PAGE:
• In August 2015, the Taiwan-based Foxconn, one of the largest hardware manufacturers in the world, announced an investment of $5 billion in India.
      • India and Taiwan in 2018 signed a bilateral investment agreement. India-Taiwan trade ties have been expanded and Taiwanese firms are prominent investors in India,
      • Taiwan has for long been a world leader in high-tech hardware manufacturing, and can contribute much to the Make in India, Digital India and Smart Cities campaigns.
      • Taiwan’s agro-technology and food processing technology can also be very beneficial for India’s agriculture sector.
    • Both sides have also expanded educational exchanges after a mutual degree recognition agreement in higher education was signed in 2010.
  • Challenges:
    • One China policy: India finds it difficult to realise the full potential of its bilateral relationship with Taiwan. At present, about 16 countries worldwide continue to recognise Taiwan as an independent state. India is not among the sixteen countries.
    • Trade & Investment: The economic exchange is still relatively insignificant. Taiwan’s share of trade with India is around 1% of its global trade.

Taiwan

  • Taiwan - the Republic of China (ROC), home to twenty-three million people, is an island off the southern coast of China that has been governed independently from mainland China since 1949.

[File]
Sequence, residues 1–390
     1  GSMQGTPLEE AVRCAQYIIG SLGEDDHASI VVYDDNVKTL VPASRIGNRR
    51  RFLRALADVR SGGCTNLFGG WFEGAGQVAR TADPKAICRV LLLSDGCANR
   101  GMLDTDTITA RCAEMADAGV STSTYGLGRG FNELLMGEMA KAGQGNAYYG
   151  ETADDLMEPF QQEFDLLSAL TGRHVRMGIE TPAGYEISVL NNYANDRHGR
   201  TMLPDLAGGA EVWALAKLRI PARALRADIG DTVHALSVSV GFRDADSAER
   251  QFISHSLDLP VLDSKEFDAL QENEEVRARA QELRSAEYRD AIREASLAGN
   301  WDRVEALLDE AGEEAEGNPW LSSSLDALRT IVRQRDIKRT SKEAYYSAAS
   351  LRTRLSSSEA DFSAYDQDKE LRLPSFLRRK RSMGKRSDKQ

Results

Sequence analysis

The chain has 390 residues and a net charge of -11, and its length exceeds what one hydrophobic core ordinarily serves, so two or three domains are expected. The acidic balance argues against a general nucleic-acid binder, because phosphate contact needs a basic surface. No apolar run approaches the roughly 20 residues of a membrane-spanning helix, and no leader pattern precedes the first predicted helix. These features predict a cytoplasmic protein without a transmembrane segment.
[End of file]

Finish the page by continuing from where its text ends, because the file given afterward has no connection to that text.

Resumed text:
• Its neighbours include China (officially the People’s Republic of China, PRC) to the west, Japan to the northeast, and the Philippines to the south.
  • Taiwan is the most populous state that is not a member of the United Nations and the largest economy outside the UN.
  • Taiwan is Asia’s 5th largest economy.
  • It is a global leader in chip manufacture and the second-largest manufacturer of IT hardware, etc.
  • China’s Claim: The People’s Republic of China (PRC) views the island as a province, while in Taiwan—a territory with its own democratically elected government—leading political voices have differing views on the island’s status and relations with the mainland.
    • China and Taiwan maintain a fragile relationship, which has improved during the past seven years but is periodically tested.

Way Forward